At Photo Patch we connect families. Using our mobile app—built by my daughter Jay Jay Patton when she was just 12 years old—a family member can easily send love, updates or just raw thoughts to their incarcerated loved ones. The user, whether it’s a child, guardian, social worker or mentor, can log in, write a letter (or help the child do so) and attach pictures. Our team will print everything out and mail it to the prison all within 24 hours. We wanted a fast, convenient and free way for children to send letters, photos and postcards to their mom or dad serving time in county, state or federal penal institutions hundreds and sometimes thousands of miles away. I knew from experience that those letters and those photos were instrumental in patching wounds of regret, loneliness, fear and other pains caused by distance and disconnect. Photo Patch now serves as a true lifeline to those on the inside. We’ve been able to connect over 20,000 people to their loved ones.
How did you come to apply for the fellowship you eventually won?
Being incarcerated for almost eight years is in a lot of ways synonymous with living under a rock. Up until one week before I applied for the Echoing Green Fellowship, I had no idea who Echoing Green was or what they did. While networking on a random three-way call with a new business associate, I told him about our work at Photo Patch and he suggested that we apply to become a part of Echoing Green. He was an alum fellow that validated that the EG community is unmatched in supporting social entrepreneurs.
And how did you and your daughter respond to the news that you would be one of the organization’s fellows?
Seven months later, when I received the news that I would be granted the fellowship, my breath was taken away. I was elated because this was the longest application process I had ever gone through and to come out on top made me feel proud and confirmed I was headed in the right direction. It’s a great feeling to have a community of genuine thought partners enthusiastic about helping your organization with a major focus on you as an individual. When Jay Jay learned that I won the fellowship I saw her eyes light up with admiration. She always supported me, but the victories and momentum we have been experiencing in the past couple of years were becoming more and more exciting to her. She really loves the work that we do and every chance she gets she wants to be on the front lines with me, whether that’s building the app, attending an important, yet boring conference, or working directly with youth in our local community who have been impacted by incarceration.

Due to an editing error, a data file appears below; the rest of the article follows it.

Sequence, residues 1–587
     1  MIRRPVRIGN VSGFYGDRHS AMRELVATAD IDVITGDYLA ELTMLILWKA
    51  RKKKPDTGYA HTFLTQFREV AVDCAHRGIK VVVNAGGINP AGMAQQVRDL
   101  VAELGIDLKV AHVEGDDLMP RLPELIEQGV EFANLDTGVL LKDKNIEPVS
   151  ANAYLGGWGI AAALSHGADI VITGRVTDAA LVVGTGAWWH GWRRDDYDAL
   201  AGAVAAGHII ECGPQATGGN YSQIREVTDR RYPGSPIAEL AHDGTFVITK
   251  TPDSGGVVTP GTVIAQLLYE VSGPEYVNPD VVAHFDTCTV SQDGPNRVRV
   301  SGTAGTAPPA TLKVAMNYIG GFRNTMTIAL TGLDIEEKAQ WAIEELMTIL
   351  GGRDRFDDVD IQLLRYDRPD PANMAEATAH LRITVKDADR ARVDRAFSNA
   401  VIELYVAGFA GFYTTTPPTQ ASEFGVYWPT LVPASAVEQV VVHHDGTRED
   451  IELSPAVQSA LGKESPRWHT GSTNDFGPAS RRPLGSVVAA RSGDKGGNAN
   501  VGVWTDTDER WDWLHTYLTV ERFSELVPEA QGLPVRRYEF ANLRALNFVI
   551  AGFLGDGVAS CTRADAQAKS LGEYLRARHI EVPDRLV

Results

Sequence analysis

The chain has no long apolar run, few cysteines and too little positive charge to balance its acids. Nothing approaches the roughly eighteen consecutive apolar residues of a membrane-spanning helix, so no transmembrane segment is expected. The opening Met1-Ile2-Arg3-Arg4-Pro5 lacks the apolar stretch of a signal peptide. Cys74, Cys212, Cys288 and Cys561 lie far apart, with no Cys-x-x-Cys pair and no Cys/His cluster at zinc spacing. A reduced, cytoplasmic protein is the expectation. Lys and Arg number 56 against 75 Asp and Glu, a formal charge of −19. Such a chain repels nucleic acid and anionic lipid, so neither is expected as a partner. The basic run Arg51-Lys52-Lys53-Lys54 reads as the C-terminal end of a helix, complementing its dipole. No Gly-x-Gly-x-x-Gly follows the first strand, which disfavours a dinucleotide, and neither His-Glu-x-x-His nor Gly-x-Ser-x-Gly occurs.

What is your dream for the future of Photo Patch?
In a dream future, there will be no need for Photo Patch. In a dream future, our society will find better ways to discipline people for crimes such that communication with your loved ones is not seen as a privilege and instead seen as a crucial tool during the rehabilitation process. In a dream future, Photo Patch will be known as being on the front lines for helping eradicate exorbitant costs involved with sending emails to incarcerated loved ones, accepting phone calls from incarcerated loved ones, accepting video calls from incarcerated loved ones, and traveling miles and miles to visit incarcerated loved ones. Instead of focusing so much energy on connecting families, we will be able to put more resources into providing opportunities to at-risk youth so that they don’t fall into the cycle of intergenerational incarceration.